Echoing other reviews, Reidy questions the documentary's Eurocentricity: "The cathedrals of Europe are awe-inspiring, but they can seem far removed from the reality of parish worship today." Thank God. Putting aside whether modern parish worship is fairly included in a series presenting the "heart of the faith", for many Catholics (especially those under 30) parish worship is the only Catholicism they know, if that. While I do not want to marginalize the heroic work that I've seen in today's parishes, modern parish worship can be bland and uninspiring, even detrimental to the religious impulse. The world needs to be reminded of the majestic images and heartbreaking detail, in stone and on canvas, born of a great faith.

I see the power of this documentary in the reaction of my students. I'm not halfway through the series with a group of seniors and already they are more captivated by "Catholicism" than probably anything I've ever shown or taught, whether book, article, or movie. One student walked into class the other day and said, "Mr. Emerson, I love this movie." To be with these students as Father Barron speaks in San Chapelle or as he explains the Beatitudes in the shadow of Grünewald's Isenheim Altarpiece is as remarkable a moment as anything I've experienced as a teacher. To be sure, they aren't necessarily understanding it all; they aren't necessarily rushing to be baptized or ordained: but they are, more than ever, hooked. The images, the cathedrals, Father Barron's refusal to make Christ the buddy on the dashboard: this is speaking to a culture hungry for truth and for something worth fighting for.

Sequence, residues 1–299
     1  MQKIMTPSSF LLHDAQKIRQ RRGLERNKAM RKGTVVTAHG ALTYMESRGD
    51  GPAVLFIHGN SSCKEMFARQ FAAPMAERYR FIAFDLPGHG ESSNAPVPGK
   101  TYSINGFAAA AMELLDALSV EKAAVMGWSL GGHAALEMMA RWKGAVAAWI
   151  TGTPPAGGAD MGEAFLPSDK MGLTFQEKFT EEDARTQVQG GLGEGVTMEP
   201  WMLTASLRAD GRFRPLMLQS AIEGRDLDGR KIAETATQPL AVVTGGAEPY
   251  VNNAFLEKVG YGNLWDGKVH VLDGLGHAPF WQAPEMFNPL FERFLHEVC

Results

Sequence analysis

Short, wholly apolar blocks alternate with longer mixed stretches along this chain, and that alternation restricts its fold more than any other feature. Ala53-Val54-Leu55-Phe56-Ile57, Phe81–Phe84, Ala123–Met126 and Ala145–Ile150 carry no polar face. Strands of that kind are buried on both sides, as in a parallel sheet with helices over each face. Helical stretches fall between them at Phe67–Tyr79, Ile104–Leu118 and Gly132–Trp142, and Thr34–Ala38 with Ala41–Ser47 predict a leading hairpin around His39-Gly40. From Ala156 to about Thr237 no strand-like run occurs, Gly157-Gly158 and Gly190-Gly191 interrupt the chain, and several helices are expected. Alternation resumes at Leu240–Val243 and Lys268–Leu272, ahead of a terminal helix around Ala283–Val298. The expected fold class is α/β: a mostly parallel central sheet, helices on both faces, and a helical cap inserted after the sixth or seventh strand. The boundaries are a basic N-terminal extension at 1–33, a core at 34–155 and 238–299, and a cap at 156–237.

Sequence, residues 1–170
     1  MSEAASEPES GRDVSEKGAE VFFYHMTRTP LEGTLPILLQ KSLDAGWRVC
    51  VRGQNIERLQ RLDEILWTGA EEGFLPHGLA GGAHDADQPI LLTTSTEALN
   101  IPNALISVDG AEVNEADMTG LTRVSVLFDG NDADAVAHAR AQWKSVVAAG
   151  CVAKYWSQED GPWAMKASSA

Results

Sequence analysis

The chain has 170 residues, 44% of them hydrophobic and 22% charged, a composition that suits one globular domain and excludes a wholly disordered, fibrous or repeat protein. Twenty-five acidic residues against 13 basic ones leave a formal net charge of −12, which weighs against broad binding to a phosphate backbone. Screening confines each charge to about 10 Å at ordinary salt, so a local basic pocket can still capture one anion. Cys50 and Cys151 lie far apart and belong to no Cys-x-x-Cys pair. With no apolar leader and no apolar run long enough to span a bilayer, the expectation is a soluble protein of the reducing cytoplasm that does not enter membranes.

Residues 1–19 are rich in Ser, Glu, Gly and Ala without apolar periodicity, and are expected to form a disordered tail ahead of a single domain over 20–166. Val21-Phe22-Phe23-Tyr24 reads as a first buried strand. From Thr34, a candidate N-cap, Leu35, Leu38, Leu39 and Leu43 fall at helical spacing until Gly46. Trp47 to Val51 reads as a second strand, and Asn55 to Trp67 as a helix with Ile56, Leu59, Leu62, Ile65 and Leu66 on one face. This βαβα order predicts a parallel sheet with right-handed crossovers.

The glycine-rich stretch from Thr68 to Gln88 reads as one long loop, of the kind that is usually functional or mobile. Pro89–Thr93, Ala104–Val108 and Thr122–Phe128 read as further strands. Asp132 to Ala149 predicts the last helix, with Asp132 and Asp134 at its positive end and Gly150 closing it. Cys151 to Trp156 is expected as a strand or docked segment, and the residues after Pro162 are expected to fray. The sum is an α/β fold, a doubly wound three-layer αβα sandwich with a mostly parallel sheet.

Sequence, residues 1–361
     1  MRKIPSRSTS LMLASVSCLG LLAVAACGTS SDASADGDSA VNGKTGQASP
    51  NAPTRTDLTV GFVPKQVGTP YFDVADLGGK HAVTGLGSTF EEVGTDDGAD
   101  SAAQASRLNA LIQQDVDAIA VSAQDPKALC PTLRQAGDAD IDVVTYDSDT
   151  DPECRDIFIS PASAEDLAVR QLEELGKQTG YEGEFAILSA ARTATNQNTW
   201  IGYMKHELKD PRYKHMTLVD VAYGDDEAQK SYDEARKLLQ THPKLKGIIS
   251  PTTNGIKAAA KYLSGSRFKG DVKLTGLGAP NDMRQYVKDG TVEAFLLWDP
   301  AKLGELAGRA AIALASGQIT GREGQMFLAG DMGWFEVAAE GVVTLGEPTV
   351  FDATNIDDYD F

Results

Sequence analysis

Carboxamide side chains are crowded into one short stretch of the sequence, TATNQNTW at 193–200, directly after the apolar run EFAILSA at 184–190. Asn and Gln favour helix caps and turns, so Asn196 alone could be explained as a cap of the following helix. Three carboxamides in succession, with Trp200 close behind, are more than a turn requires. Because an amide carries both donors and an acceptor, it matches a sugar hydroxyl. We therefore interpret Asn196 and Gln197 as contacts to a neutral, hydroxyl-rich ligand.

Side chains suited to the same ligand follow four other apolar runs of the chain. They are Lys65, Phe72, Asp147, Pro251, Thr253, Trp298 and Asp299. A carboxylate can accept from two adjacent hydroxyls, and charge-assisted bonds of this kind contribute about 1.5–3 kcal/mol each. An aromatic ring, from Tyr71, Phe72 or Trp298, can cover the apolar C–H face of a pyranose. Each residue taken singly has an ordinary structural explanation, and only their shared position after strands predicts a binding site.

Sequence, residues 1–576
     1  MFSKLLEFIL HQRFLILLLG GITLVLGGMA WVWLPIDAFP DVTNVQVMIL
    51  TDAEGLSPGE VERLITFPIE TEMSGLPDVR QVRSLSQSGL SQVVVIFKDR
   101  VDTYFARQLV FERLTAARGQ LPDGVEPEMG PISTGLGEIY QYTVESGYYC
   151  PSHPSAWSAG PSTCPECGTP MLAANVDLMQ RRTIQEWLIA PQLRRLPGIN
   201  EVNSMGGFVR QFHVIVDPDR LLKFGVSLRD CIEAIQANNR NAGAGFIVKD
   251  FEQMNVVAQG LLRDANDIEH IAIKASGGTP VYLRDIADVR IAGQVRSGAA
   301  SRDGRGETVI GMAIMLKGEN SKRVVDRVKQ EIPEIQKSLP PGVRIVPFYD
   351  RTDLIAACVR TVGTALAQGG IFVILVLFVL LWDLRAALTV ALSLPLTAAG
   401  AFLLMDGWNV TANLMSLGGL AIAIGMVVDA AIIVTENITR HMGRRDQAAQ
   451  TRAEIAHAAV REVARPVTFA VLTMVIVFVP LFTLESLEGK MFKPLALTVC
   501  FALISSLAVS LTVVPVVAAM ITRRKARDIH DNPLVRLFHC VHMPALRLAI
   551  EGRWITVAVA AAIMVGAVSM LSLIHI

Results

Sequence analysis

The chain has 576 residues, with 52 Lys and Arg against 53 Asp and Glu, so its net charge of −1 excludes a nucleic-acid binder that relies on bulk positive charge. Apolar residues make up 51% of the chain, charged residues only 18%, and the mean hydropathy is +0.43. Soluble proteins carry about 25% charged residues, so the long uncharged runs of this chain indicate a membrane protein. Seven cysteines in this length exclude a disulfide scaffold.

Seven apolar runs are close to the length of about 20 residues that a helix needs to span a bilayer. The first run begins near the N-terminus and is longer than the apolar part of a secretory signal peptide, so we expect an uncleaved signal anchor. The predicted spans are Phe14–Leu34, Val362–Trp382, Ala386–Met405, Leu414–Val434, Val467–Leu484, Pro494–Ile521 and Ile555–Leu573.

Reidy's review also raises a ghost that will stalk Catholic intellectuals and those in the media for at least the next generation. Father Barron, Reidy notes, makes "only passing mention of the clergy abuse scandal." While Reidy doesn't explicitly criticize this brief mention, his comment leads me to wonder: How much of Catholic self-reflection must address or discuss the sexual abuse scandal? Is there a venue (like Father Barron's "Catholicism") where it need not be raised and dealt with in detail? Can a Catholic feel good about his Church and celebrate the grace and beauty it provides without summoning images of a cowardly priest and a complicit bishop?

Or is clergy sexual abuse now, in some contorted way, part of "the heart of the faith" such that no contemporary overview of Catholicism can avoid it? I ask without irony. For many, the clergy sexual abuse scandal is the defining feature of Catholicism, the event that has irredeemably destroyed its credibility as a witness to the incarnate God.

In making only passing mention of the scandal, however, Father Barron is taking a risk and implicitly attempting to respond. I like his answer.